Last week I shared a letter from a mother who was grappling with the challenge of finding the proper shidduch for her daughter. This was the first shidduch in her family and she sought guidance as to how she might best go about it. The following is my response.
The difficulty of finding the right shidduch is all too acute in our Jewish world. I have traveled in every continent, and parents and young people all over share this concern.
Time and again I have said and written that when in a quandary we must always turn to our holy books and search for answers.
Our father Abraham was the first Jewish parent who was overcome with this challenge. In his old age he called Eliezer, the executor of his estate, and instructed him regarding his last will and testament. Abraham was the wealthiest man of his generation, so it was only natural that he would take great caution in arranging his will.
Amazingly, it was not his money, his real estate, or his livestock that concerned him. The one concern he had was that a shidduch be found for his son Yitzchak. He instructed Eliezer in precise terms, leaving no room for misunderstanding. He charged him with the awesome responsibility of finding Isaac’s wife. Nothing else mattered to Abraham – a lesson our money-obsessed generation would do well to learn.
This priority of finding the right shidduch is one of the pillars on which our people stand. Abraham’s teaching is so deeply engraved on our hearts that to this day when a child is born we pray that G-d will grant that he or she will one day go under the chuppah, the marriage canopy.
While finding the right shidduch for your child is the most critical responsibility parents are charged with, you are far from the only one who is worried.
You are treading on familiar ground; our parents and grandparents throughout the generations shared your concern.
In your letter you wrote that you have been told by shadchanim and other so-called knowing people that the fact your parents are not observant may be a major problem for your daughter in her search for a shidduch.
Sometimes I think to myself that if Rivkah Imeini were alive today she would have a tough time finding a shidduch – after all, she was the daughter of Besuel, a degenerate, corrupt man, and the sister of Laban, an immoral scoundrel in every way. Who would ever think of marrying such a girl? And this holds true not only for Rivkah but for Rochel and Leah as well. In fact, I could write a megillah about the giants of our people who came from difficult and dysfunctional families and yet became leaders of Am Yisrael.
Additionally, we’ve had sages and great women who were descendants of converts and they too became Torah leaders. Surely it would be impossible, given our contemporary standards, for any of them to find a shidduch today. Who would accept them? Who would even look at them?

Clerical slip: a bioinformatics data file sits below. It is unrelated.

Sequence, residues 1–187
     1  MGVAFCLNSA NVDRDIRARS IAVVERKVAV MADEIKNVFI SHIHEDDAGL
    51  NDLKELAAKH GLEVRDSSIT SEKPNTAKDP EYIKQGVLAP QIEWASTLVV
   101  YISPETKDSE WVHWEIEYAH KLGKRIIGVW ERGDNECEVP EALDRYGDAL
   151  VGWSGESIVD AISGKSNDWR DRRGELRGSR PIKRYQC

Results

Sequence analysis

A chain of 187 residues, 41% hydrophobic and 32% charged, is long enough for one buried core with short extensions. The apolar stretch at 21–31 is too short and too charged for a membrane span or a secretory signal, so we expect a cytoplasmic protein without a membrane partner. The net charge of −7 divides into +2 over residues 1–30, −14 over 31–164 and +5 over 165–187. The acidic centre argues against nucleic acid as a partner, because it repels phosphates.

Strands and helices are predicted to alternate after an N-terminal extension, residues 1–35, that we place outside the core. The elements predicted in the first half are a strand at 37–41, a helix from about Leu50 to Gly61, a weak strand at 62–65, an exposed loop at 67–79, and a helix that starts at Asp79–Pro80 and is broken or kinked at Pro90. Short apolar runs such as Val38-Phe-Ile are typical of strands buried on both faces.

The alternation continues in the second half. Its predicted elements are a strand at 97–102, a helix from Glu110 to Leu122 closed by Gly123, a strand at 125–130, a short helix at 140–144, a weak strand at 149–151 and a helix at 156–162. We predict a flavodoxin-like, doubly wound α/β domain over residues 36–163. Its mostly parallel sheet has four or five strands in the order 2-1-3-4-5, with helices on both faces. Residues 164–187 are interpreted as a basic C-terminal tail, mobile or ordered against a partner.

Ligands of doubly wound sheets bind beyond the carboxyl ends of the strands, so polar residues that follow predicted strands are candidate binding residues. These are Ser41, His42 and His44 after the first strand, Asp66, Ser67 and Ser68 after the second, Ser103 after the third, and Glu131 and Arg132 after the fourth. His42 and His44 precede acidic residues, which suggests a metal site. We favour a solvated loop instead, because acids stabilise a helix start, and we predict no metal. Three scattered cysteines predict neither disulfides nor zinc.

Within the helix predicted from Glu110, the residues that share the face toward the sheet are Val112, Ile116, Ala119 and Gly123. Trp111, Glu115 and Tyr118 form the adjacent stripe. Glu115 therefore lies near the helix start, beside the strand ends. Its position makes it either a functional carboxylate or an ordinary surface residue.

In our fractious, money-grubbing society, a man is measured by standards our forefathers were not familiar with. They valued the souls, the hearts, the middos of potential shidduch candidates, not their outward appearance or their wealth or popularity.
Do not worry about your parents’ lack of observance. Your children are standing on solid ground. Their exemplary character traits, devotion to Torah, and commitment to our people all speak loudly and clearly for them. No, your parents’ lack of observance will not hold them back from finding their spouses. The young man Hashem has chosen for your daughter is waiting in the wings. He’s there. Just daven and ask Hashem to send him soon, without grief or aggravation.
I would, however, like to clarify why it is that some sincere, observant families object to making a shidduch with someone whose grandparents are not shomer mitzvot. It’s not because of snobbish elitism or delusions of grandeur. It’s simply based on their fear that when the grandchildren will visit Grandma and Grandpa and witness the violation of kashrus, Shabbos, etc., it will have a damaging effect on them.
In your case, though, that does not apply. Baruch Hashem, it is you and your husband who will be the loving Grandma and Grandpa. While your daughter’s future children may visit Great-Grandma and Great-Grandpa, it is unlikely they would stay over on Shabbos or be invited for non-kosher dinners.
Usually Great-Grandmas no longer have the strength or stamina to prepare meals for their grandchildren. It is more likely that you will invite your parents to your house when the children are there. So you need pay no heed to the doomsayers. Instead, place your trust in Hashem. Always remember there’s a G-d above you who is your merciful Father. He will not abandon His children. Ultimately, is it He and only He who arranges shidduchim. He and only He has the key to joining soul mates. So exchange your fears for faith, your doubts for confidence. Believe that G-d will help you. Be strong as a rock. Don’t let doubt paralyze you.
A word of caution: I realize you’re human and that despite all your determination, despite the fact that in your heart you accept my words, you still have some fears. As is true of all parents, you will worry until your daughter goes under that chuppah. Be careful that your daughter never knows or even senses your worries, for that could have extremely negative consequences. Infuse her with positive energy and tell her not to fear; the man chosen for her will come, with G-d’s help.
(To Be Continued)Rebbetzin Esther Jungreis
About the Author:
If you don't see your comment after publishing it, refresh the page.
Our comments section is intended for meaningful responses and debates in a civilized manner. We ask that you respect the fact that we are a religious Jewish website and avoid inappropriate language at all cost.
If you promote any foreign religions, gods or messiahs, lies about Israel, anti-Semitism, or advocate violence (except against terrorists), your permission to comment may be revoked.